City News

Open for business: Lockout lifted in Kings Cross

The iconic neon Coca-Cola sign in Kings Cross lit up for Mardi Gras. Photo:


The last of Sydney’s lockout laws are due to be scrapped next month, meaning the whole city will be open-for-business once again. 

From March 8, the lockout will be lifted from venues in Kings Cross meaning patrons will be allowed to continue to enter pubs, bars and nightclubs in the area after 1:30am. Last drinks will also be pushed back to 3:30am and restrictions on the sale of drinks, shots, cheap cocktails and the use of glass after midnight will be lifted.

The controversial lockout laws were lifted from CBD venues in January last year, but remained in place for Kings Cross where incidents of alcohol fuelled violence sparked the laws to begin with. Now, as part of a NSW government bid to revive the area’s struggling economy- which has been hit hard by the pandemic- the Kings Cross lockout will be scrapped as well.

Sydney’s Lord Mayor, Clover Moore, called the move a “hug win” for “for musicians, artists, hospitality workers, business owners and many thousands who campaigned to keep Sydney open.” She said as the city recovers from the economic blow of the global pandemic Kings Cross will have an important role.

“Shortly after the lockouts were lifted in the CBD and Oxford St, the pandemic hit and sent new shockwaves through our night time economy,” she said on Twitter.

“Now, as we cautiously start to emerge from COVID-19, a diverse, exciting nightlife will be central to recovery – and Kings Cross has a vital role.”

The lockout laws were put in place in 2014 following the death of 18-year-old Thomas Kelly, who was killed in a one-punch attack on a Kings Cross street. But Premier Gladys Berejiklian said the area has changed considerably in the 7 years since that incident.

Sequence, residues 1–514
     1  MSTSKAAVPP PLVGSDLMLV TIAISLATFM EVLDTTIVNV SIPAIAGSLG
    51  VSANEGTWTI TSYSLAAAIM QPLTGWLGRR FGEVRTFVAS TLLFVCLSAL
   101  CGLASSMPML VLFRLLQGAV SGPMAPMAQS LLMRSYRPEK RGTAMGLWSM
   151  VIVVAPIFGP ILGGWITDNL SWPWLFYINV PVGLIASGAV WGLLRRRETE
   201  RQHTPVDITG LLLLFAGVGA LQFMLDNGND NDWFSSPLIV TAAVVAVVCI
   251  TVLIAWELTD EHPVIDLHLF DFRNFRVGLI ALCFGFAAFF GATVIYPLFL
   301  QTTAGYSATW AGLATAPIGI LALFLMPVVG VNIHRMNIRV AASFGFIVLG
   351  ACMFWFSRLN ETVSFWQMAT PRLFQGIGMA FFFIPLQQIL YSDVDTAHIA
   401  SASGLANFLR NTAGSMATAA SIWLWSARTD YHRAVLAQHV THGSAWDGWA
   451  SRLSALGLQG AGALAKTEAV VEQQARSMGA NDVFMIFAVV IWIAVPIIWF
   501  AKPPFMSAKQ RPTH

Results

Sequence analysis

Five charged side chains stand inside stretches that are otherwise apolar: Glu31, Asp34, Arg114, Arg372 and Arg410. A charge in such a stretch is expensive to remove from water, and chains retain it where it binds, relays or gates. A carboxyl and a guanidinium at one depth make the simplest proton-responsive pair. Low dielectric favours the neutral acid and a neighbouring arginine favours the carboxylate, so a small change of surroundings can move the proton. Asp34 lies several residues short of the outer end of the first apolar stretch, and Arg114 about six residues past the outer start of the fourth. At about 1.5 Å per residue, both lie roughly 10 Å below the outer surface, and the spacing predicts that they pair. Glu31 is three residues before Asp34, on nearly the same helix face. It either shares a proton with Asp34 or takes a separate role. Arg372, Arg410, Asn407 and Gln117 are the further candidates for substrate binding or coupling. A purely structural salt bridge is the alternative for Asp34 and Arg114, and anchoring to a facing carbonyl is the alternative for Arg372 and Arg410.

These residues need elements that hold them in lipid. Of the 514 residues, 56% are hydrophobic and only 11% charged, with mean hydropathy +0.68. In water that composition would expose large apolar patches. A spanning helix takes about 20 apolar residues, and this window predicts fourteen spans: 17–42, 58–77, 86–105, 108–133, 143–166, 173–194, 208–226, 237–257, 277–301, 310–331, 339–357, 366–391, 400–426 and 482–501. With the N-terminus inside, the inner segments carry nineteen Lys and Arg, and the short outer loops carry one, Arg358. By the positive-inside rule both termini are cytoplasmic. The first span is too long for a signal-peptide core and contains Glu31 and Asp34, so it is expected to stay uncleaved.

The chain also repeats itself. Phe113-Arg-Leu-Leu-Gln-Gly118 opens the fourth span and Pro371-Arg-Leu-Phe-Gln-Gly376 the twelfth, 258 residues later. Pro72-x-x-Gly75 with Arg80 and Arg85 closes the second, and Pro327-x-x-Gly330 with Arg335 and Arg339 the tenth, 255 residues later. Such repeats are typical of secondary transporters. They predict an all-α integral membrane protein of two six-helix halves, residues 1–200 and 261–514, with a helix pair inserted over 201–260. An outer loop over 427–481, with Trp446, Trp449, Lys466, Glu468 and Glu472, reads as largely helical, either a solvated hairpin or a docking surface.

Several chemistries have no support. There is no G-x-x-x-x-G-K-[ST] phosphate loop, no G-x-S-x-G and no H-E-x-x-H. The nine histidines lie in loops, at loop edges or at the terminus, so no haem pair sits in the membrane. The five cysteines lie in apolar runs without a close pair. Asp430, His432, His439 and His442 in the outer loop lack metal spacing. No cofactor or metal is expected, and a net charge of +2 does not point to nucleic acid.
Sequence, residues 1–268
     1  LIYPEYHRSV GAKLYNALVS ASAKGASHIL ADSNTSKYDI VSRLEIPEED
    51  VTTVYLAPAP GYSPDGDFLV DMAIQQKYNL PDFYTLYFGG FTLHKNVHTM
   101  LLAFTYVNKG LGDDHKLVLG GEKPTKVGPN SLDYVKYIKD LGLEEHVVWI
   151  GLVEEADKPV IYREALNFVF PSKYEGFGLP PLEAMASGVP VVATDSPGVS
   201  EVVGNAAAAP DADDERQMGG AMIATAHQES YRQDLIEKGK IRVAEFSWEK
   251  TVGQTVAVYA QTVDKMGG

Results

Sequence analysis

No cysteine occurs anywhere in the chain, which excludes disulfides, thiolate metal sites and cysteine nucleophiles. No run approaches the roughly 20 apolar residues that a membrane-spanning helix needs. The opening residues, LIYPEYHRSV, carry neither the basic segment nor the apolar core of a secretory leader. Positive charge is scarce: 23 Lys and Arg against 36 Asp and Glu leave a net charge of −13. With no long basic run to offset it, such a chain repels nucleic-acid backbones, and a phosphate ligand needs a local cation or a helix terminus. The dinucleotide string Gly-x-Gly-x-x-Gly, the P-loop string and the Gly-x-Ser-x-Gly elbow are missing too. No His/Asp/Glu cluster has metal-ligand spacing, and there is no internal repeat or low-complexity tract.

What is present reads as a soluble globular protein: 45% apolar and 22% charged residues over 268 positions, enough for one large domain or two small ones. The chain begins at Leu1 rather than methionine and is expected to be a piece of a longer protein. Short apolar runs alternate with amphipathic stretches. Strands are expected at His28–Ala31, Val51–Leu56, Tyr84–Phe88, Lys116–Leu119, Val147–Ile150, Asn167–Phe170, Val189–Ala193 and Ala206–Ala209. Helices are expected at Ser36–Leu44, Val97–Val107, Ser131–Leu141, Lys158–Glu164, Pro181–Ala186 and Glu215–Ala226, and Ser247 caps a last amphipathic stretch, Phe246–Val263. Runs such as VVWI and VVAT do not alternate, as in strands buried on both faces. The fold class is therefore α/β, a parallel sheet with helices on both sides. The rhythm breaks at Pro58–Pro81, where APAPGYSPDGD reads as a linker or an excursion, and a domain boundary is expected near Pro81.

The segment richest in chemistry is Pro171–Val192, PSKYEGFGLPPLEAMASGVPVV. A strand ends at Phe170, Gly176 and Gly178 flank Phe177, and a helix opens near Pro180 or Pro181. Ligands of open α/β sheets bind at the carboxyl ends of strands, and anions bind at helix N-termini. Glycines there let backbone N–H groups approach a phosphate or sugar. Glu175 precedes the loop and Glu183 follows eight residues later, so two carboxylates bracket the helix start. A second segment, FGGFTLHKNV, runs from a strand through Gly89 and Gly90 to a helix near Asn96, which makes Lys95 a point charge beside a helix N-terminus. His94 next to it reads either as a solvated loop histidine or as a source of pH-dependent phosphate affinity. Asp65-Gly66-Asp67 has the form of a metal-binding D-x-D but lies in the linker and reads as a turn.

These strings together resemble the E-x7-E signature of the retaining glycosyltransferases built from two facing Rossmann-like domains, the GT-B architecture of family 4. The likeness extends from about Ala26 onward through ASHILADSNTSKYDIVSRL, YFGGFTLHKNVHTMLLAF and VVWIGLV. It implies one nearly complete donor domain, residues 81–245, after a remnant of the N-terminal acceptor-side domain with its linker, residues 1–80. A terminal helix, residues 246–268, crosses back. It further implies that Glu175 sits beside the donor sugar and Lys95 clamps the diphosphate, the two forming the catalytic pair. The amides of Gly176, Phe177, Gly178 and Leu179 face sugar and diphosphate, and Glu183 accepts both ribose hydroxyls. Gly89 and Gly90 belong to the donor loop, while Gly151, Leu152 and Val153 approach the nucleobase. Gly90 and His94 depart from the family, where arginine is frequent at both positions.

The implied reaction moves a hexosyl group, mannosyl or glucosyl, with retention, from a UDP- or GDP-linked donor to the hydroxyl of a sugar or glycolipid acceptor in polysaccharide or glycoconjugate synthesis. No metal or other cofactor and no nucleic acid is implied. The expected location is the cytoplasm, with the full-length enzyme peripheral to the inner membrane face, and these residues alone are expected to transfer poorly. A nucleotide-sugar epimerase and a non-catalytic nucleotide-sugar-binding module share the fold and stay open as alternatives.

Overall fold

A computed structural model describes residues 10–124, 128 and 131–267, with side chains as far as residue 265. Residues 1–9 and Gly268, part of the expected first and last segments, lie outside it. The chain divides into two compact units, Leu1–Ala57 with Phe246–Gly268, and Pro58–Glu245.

“Kings Cross has transformed considerably since these laws were introduced over six years ago,” she told the Sydney Morning Herald.

“The precinct is now well-positioned to continue to evolve into a vibrant lifestyle and cultural destination with a diverse mix of small bars, live music venues and restaurants.”

Alex Greenwich, Independent NSW MP whose seat of Sydney includes Kings Cross, also welcomed the change.

“Global cities don’t tell people when to go to bed, they help them have a fun and safe night with a diverse night time economy and transport options to get them home,” he said.

Once the centre of Sydney’s nightlife, the lockout laws killed hundreds of small businesses in the area. Figures from Liquor & Gaming NSW in 2018 showed 418 licensed premises had closed in the Sydney CBD and Kings Cross in the 4 years since the laws were introduced. The clubs, bars and restaurants that survived also had trouble attracting customers because of the restrictions, especially when the restrictions were lifted in other parts of the city.

While the lifting of the laws won’t bring much comfort to those businesses which have already closed, for those which remain it’s a sigh of relief. 

“We’re confident its next chapter will be safe and lively, with a thriving residential community and a diverse economy that includes fabulous bars and restaurants, theatres and shops,” Ms. Moore said.

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